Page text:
edited by Jonathan Strahan

Night Shade (2009)

ISBN: 978-1-59780-162-1

Reviewed by Simon Petrie, May 2010

Though they share the same brief – to present an overview of some of the year’s best short speculative fiction, in an anthology without stated limitations of theme – Eclipse Three is a distinctly different beast than Eclipse Two. Probably the most obvious point of variance is in the gender distribution of the authors, with a definite preponderance of female authors in E3, whereas E2 was distinctly male-heavy. It’s difficult to see this as other than a conscious choice by Strahan to redress previous gender imbalances, but if so the strategy receives no acknowledgement in the anthology’s introduction or elsewhere. Nor is it, in the end, a cause for any complaint: whatever one’s personal perspective on affirmative action, the result is an anthology which, for whatever reason, is more cohesive, more fulfilling, stronger than its predecessor.

“The Pelican Bar,” by Karen Joy Fowler has Norah, the archetypal renegade teen, receive a rather unusual gift for her fifteenth birthday: incarceration, in an isolated camp run by mysterious, pitiless adults. Norah’s travails are portrayed unflinchingly, but with compassion. “Pelican Bar” gets the anthology off to an excellent start, with a coming-of-age tale in which the underlying message is left deliberately muddy.

“A Practical Girl,” by Ellen Klages, is another coming-of-age story, though distinctly less brutal, less strident than “Pelican Bar.” Klages’ story of Carolyn’s exploration of a mysterious mansion, and its troubled occupant, combines mathematics and magic to memorable effect.

Pat Cadigan’s “Don’t Mention Madagascar” plays with time travel and anguished choices. It deserves its place here, but it didn’t move me as much as several of its neighbours.

“On the Road,” by Nnedi Okorafor, is an African-flavoured fantasy, memorable for its use of a variety of magic less familiar to first-world readers, and for some incandescent and troubling imagery.

“Swell,” by Elizabeth Bear, gives us a blind temptress, a fading musician, a Faustian bargain. Bear is very good at what she does: this quietly haunting, seductive tale covers a lot of ground in comparatively few pages.

Maureen F. McHugh’s “Useless Things” is brilliant, an optimistically dystopic near-future vision of a marginalised, resourceful, stubborn woman living alone in the New Mexico desert. This is an America that’s very much past its peak, presented all-too-clearly and with disturbing plausibility.

Jeffrey Ford’s “The Coral Heart” is a well-sculpted fantasy, involving a weapon of terrible power: a sword with the ability to turn to coral the flesh of anyone it pierces. Perhaps predictably, the tragedy which unfolds here doesn’t involve its use on the battlefield.

“It Takes Two,” by Nicola Griffiths, is another triumph. Cody is a conference delegate who meets up with Richard, again, and discloses perhaps more than she’d intended in a late-night bull session with him. So when Cody’s forced, though her work, to attend a strip club a few months later (in otherwise all-male corporate company), how much of her reaction is instinctual, and how much engineered? Does it matter? This is an uncomplicated but deeply thoughtful story, with standout characterisation.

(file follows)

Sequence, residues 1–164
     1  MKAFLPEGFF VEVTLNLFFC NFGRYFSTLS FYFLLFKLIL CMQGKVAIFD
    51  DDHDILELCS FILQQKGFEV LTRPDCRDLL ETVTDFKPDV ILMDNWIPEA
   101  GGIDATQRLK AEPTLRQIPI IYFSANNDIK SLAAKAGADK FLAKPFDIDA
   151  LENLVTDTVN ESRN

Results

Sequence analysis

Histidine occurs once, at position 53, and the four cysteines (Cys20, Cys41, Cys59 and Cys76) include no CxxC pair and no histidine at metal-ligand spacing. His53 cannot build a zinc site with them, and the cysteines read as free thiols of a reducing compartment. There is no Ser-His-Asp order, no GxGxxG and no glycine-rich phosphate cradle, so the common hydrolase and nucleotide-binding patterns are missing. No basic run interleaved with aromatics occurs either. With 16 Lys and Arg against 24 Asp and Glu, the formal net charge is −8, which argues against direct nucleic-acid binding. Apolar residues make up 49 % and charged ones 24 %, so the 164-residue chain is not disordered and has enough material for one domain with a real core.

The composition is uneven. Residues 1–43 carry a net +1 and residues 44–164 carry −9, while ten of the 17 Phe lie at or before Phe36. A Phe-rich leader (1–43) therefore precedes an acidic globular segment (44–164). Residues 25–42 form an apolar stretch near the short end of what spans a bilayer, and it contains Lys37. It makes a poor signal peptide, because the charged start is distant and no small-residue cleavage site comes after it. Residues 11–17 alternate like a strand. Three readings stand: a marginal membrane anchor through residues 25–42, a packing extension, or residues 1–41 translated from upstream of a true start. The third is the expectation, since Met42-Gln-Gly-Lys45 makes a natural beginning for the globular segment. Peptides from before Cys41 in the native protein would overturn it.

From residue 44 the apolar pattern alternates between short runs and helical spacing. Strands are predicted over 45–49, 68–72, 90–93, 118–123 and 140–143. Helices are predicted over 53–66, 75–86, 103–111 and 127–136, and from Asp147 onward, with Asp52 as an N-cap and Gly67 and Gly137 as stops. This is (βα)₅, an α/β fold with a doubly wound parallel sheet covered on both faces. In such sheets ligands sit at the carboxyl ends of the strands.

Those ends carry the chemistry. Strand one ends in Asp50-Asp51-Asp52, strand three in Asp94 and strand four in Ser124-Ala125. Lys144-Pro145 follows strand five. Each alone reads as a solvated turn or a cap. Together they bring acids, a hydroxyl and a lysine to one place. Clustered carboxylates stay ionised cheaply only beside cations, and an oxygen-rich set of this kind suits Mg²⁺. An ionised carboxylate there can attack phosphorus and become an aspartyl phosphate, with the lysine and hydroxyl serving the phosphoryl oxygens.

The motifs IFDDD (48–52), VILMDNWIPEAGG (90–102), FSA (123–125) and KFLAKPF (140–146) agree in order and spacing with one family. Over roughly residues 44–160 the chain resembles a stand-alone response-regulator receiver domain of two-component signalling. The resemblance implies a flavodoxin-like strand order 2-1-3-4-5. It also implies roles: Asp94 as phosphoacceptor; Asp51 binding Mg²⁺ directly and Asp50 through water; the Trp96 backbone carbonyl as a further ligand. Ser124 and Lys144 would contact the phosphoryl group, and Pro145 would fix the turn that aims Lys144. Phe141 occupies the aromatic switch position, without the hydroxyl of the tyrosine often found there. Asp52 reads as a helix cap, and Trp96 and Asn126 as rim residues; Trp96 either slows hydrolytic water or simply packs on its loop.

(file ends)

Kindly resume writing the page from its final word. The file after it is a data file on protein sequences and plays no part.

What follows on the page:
“Sleight of Hand,” by Peter S. Beagle suffers slightly by comparison with Beagle’s story in the preceding volume of Eclipse, but it’s perhaps an unfair comparison: by almost any other measure, the story here is a very strong offering.

Daniel Abraham’s “The Pretenders’ Tourney” is more traditional-seeming fantasy, which sets up an unwanted confrontation, in mortal combat, between the man who wants to be King, and the man who doesn’t. There are no real surprises in Abraham’s tale, but a well-told tale doesn’t necessarily need to surprise…

“Yes, We Have No Bananas,” by Paul Di Filippo, is a seriously crazed alternate-universe story in which Tug Gingerella falls on hard times – there just isn’t the demand for ocarinas that once there was – and struggles with girl troubles, money troubles, and existential dread. I’m not sure that the absence of bananas in Di Filippo’s off-key world is entirely sufficient explanation for the zaniness depicted here, but it’s a fun place to explore.

Jane Yolen and Adam Stemple join forces on “Mesopotamian Fire”. This, to me, seemed to be the closest thing within the anthology to a throwaway tale: it’s short, and playful, but it didn’t really fit amongst the surrounding stories.

“The Visited Man,” by Molly Gloss, gets things within the book very much back onto their proper footing. Gloss’s story of the awkward, illuminating relationship between the widower Marie-Lucien and his downstairs neighbour, the painter Henri Rousseau, is vivid and enthralling.

Caitlin R. Kiernan’s “Galapagos” is, if you will, First Contact at one remove, as the narrator presents, for the benefit of her various psychiatrists and minders, the details of her encounter with the inhabitants of the Pilgrimage, the doomed vessel which first made contact with a nebulous extraterrestrial intelligence. To those looking for a female voice in space opera, I’d recommend Kiernan’s as a name to watch.

“Dulce Domum,” by Ellen Kushner, sears with sexual tension, and a sense of divided duty. It’s an interesting counterpoint to the anthology’s opening story: where “The Pelican Bar” is full-on, relentless, and unashamedly unpoetic, “Dulce Domum'”brings things to an elliptic, intriguing close.

I haven’t read Eclipse One at this juncture; but Eclipse Two was a decidedly strong anthology. Eclipse Three is distinctly better, with fewer stories that hold themselves back from greatness, and more that is truly memorable. The progression suggests that Strahan may well have his work cut out in assembling Eclipse Four, if it is not to prove anticlimactic by comparison.